From the American Scene: Seventh Avenue: Boss and Worker
He started west from the Lower East Side and then reached a point beyond which he could not pass; this was Seventh Avenue and he settled there. Twenty or so years ago the firm name on his business stationery was simply Sam Katz, but today it is Ess and Kay. He likes the models and the office girls to address him as “Mr. Kay”—especially in the presence of out-of-town buyers.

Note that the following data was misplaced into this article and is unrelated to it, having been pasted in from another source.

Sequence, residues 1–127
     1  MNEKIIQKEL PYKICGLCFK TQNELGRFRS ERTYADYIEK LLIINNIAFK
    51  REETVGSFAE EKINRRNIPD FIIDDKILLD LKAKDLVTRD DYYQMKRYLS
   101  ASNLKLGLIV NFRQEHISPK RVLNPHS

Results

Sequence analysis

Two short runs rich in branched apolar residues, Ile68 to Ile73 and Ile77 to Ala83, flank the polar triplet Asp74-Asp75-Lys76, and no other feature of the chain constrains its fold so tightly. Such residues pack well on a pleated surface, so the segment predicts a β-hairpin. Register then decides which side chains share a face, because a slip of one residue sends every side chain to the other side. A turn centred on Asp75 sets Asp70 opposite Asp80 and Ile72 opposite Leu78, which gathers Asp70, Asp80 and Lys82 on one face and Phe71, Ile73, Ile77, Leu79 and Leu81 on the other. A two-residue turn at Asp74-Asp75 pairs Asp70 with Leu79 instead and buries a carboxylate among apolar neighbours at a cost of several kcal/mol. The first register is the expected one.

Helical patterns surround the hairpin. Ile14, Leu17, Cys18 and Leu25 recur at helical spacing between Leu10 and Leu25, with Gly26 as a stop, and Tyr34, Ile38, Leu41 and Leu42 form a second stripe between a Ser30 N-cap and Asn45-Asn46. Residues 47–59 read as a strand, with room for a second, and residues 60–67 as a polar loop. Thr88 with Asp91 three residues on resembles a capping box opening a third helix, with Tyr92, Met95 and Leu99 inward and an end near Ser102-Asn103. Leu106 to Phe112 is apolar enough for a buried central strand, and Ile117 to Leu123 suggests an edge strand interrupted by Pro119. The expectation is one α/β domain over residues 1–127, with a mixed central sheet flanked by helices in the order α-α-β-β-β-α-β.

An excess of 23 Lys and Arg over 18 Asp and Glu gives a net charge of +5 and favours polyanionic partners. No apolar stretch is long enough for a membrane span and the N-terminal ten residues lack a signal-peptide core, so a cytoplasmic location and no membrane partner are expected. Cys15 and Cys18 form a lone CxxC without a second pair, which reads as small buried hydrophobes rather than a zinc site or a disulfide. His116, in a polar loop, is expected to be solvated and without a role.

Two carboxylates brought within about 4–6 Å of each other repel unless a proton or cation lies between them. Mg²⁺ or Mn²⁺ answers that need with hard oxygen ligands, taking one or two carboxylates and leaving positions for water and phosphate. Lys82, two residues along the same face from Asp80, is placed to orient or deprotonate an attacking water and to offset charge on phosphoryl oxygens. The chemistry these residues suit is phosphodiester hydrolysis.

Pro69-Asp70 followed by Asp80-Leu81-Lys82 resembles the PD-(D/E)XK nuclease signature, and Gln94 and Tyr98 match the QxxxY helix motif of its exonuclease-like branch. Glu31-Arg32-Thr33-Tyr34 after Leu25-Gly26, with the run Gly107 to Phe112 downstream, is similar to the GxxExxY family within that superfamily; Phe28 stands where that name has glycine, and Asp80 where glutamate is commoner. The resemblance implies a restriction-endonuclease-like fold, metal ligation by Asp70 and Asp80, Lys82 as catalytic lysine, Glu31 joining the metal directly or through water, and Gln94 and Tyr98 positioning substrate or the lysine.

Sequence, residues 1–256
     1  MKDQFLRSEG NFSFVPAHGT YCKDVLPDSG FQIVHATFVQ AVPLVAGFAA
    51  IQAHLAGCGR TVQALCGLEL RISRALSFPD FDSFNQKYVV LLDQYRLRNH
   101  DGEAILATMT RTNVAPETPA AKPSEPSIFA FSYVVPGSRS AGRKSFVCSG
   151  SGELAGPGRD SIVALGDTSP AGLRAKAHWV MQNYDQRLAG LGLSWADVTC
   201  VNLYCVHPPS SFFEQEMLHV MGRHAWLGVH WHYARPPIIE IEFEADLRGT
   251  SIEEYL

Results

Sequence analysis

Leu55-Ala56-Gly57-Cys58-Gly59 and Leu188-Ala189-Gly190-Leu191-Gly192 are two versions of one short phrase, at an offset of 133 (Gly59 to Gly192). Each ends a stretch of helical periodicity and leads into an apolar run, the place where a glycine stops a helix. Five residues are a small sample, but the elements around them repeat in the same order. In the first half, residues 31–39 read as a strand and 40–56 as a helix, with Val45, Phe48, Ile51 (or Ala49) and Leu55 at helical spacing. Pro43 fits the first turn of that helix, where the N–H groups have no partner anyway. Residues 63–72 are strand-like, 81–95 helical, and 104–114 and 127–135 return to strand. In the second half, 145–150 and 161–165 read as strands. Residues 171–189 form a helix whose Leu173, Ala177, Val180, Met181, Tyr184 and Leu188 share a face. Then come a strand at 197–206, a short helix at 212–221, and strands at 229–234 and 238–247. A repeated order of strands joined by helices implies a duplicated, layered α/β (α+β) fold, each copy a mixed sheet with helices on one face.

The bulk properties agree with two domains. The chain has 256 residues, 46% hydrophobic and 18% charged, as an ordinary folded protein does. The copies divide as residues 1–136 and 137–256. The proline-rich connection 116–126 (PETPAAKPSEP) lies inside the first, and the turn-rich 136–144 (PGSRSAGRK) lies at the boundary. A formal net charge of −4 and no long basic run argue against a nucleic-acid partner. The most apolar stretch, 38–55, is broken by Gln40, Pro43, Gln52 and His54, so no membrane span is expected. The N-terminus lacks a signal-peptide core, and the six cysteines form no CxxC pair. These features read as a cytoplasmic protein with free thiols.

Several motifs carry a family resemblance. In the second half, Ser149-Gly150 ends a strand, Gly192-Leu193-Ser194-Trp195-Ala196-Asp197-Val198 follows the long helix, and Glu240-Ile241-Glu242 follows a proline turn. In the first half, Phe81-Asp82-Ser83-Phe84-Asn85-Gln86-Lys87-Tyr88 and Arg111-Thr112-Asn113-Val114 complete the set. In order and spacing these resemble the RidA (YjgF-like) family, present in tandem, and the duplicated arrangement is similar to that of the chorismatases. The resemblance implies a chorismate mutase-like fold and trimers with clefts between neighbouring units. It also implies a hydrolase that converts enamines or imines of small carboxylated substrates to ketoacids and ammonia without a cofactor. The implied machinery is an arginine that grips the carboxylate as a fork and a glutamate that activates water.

He maintains an ornate office near the showroom, but there is nothing he hates more than the fact that he is compelled to spend so much of his time behind the desk. For no matter how long his cutter and markers have been with him, he cannot trust them. He carries a load of anxiety, wondering whether remnants are being sold under his eyes, suspicious of any employee who leaves at the end of a day with a bundle under his arm. No matter how busy he is with customers, there always comes a time during the day when he must walk nervously about the cutting-room floor, looking almost into the hands of his cutters, fearful lest he say too much, since their union is strong. Sometimes he will stand with the marker, watching him chalk the patterns on a long rectangular section of cloth. A sudden spasm of economy, and he will pick up an odd piece of chalk from the floor with a hurt look in his eyes.
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